A chromatic aberration is caused by the failure of the lenses in refractive telescopes to properly focus all colors of light to the same point. This results in a blurred image and colored edges.
Such as that shown below:
Newton realized that the lens of any refracting telescope would suffer from the dispersion of light into colors. Which is what causes chromatic aberration.
So, he invented the reflective telescopes, using mirrors to correct this problem.
Most telescopes used today are reflecting telescopes. This is because they are not subject to chromatic aberration, although they do suffer other problems.
They also can be used to help combat the disruptive effects of atmospheric turbulence, which is great for Earth-based telescopes.
It is also easier and cheaper to produce the mirrors used by reflecting telescopes than it to make the lenses used by refractive telescopes.
They are also generally more portable and compact.
They have other advantages, as well as disadvantages. Their disadvantages include the fact that their mirrors require more careful handling than their refractive counterparts. As well as the fact that their mirrors may need occasional readjusting.
But, by and large, reflective telescopes are very commonly used. Various space agencies, including NASA have employed many reflecting telescopes and they are very popular among amateur telescope buyers.
Newton’s Law of Cooling
This theory provides an empirical formula for calculating the rates of cooling. The law states that the rate of cooling of a body is directly proportional to the temperature difference between the body and its surroundings.
This can be used to find the rate of cooling of objects or how long it will take to reach a certain temperature.
You could for instance calculate the temperature of a cup of tea. Or how long it would take an ice cube to melt given its initial temperature.
If finding the temperature of cups of tea or figuring out how long it takes to melt ice do not sound very important, then the Law of Cooling has many other more interesting and important applications.
For instance, it has been used in forensics in estimating the time of death of a body some time after death. It is used to help maximize the efficiency of designs of heating/cooling systems such as solar heating systems. And many other things where it is important to understand changing temperatures over time.
This too involves elements of calculus and is yet another example of the myriad uses of calculus. And the kind of relationship you can discover using calculus and some careful reasoning.
The “Perfect Coin”
Newton was Warden of the England’s Royal Mint and was thus responsible for trying to minimize the counterfeiting of English coins.
Counterfeiting was a major problem. In the late 1600’s, England’s financial system was in dire trouble. England’s’ currency was composed of silver coins. The coins value was often worth more than the assigned value of the coins.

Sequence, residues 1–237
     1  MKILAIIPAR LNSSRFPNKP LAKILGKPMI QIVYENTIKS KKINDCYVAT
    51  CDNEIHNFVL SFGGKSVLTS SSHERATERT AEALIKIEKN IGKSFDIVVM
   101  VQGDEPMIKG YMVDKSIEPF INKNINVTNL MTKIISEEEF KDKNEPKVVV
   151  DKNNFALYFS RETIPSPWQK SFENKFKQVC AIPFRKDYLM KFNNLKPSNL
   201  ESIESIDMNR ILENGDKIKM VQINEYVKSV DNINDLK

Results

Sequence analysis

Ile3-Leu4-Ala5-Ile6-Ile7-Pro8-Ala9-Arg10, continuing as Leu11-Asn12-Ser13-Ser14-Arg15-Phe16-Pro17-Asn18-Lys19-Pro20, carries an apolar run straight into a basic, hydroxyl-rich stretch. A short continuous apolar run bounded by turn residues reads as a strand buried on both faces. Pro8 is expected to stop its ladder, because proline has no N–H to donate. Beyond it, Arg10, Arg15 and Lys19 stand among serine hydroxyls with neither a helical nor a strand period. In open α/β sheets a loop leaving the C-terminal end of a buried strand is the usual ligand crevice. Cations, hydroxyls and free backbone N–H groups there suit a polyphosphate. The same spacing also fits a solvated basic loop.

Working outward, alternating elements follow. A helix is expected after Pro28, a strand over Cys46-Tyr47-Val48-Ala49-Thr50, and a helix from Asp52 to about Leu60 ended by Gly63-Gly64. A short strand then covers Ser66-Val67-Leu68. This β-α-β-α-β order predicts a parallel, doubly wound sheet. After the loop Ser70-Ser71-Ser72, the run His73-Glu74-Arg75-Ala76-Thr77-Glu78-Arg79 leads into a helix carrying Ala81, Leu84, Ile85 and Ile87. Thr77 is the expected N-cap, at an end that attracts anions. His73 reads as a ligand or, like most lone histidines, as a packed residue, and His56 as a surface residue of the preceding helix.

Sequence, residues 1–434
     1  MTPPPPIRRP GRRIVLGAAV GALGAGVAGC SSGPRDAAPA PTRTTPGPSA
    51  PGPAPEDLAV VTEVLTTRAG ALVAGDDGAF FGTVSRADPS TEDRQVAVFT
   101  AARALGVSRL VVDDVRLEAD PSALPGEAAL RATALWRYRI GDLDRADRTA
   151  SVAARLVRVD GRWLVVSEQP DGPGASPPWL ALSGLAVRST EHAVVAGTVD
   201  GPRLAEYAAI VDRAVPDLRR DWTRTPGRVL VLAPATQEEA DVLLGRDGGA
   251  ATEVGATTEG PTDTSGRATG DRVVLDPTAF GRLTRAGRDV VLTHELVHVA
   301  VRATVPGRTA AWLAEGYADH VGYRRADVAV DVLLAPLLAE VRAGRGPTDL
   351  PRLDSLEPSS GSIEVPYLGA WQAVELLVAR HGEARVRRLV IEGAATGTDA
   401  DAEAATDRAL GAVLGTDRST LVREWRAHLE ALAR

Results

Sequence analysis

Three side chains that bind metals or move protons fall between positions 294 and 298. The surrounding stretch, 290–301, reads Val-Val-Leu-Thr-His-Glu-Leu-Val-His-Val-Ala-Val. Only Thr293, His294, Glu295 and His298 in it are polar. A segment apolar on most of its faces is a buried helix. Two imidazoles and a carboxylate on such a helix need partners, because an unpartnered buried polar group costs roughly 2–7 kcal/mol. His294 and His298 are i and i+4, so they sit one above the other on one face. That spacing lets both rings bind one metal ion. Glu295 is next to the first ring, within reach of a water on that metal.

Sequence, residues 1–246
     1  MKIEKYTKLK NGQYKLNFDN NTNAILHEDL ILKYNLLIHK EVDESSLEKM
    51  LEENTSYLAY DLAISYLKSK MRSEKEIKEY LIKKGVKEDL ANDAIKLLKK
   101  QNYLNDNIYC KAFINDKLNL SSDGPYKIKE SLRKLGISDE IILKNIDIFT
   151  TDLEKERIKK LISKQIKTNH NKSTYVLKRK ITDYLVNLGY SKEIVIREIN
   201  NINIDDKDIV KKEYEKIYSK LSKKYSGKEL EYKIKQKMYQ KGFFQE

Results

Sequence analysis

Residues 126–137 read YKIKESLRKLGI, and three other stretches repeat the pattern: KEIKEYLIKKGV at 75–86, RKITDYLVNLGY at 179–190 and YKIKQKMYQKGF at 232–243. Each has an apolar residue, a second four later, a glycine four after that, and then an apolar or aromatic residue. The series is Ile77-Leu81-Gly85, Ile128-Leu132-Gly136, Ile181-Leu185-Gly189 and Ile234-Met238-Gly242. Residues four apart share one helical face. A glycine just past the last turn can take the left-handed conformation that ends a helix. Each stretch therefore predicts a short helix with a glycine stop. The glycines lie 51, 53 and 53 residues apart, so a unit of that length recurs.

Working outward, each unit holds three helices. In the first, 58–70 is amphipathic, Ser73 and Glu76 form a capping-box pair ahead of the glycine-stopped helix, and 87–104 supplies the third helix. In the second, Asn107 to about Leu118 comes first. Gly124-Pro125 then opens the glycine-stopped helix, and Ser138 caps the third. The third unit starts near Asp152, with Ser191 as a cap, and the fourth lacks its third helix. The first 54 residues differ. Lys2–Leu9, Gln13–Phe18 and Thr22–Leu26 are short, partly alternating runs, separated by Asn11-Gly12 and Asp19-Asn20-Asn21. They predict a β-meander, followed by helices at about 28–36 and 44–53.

This led to people melting down or clipping silver from the edges to sell to France. As a result, many of the remaining coins were a badly damaged mass of unrecognizable silver chunks. Which was good news for counterfeiters, as it made it very easy to pass off some very non-coin like objects as coins.
So what did Newton do to solve this problem?
He went undercover, investigated, and apprehended the counterfeiters himself. This drew him to many different corners of Britain in his zeal to stamp out the illegal activity. So, basically, Newton when out and acted as a kind of Batman, investigating and apprehending counterfeiters.
Armed with a good understanding of all this counterfeiting activity, he recalled all the coins and had them melted down and reforged into a new design.
This was a pretty bold move, considering the entire country had to go without coins for an entire year. The result was a higher-quality coin with a harder to counterfeit design.
How did this work? Well, the coins you have in your country likely have those grooves/ridges on them that many coins in many countries have. Newton introduced this so that that it was impossible to mill the coin without it being detected. Thus greatly reducing the counterfeiting of silver coins.
A simple thing, but very effective.
Editor’s Note: To read more about Newton’s detective career (!), you can check out this book:
Alright, that covers most of his more interesting or significant contributions to science and one more interesting contribution to justice. As mentioned at the start, this is not an exhaustive list, but a brief overview of his considerable contributions.
How might one sum them up? Well, he created one of the most important mathematical techniques yet created, calculus. He helped prove the immense power of induction combined with mathematical reasoning. And how these can help one discover a great deal about the world around them.
He helped create physics as a true science. Before him, physics, as a field of study of the fundamental nature of reality, conducted through experimentation and reason, was largely non-existent. He helped show the universal power of what would come to be known as the scientific method and helped usher in physics qua science.
His scientific contributions, especially in the field of mathematics, mechanics and optics were immense. Enough to make him one of the greatest scientists ever.
But, I think his greatest legacy was his philosophical legacy and the impact he had on the world. How his work helped transform the world and do so much to create physics as we know it is today. Or at least, as it was known until the late 19th century.
His philosophical legacy can hardly be understated. But, we are not here to discuss that at any great length today. That will be the topic of a future episode.
But, that brings us to the end of this episode. I hope you enjoyed our brief coverage of the great scientific works of Sir Isaac Newton.
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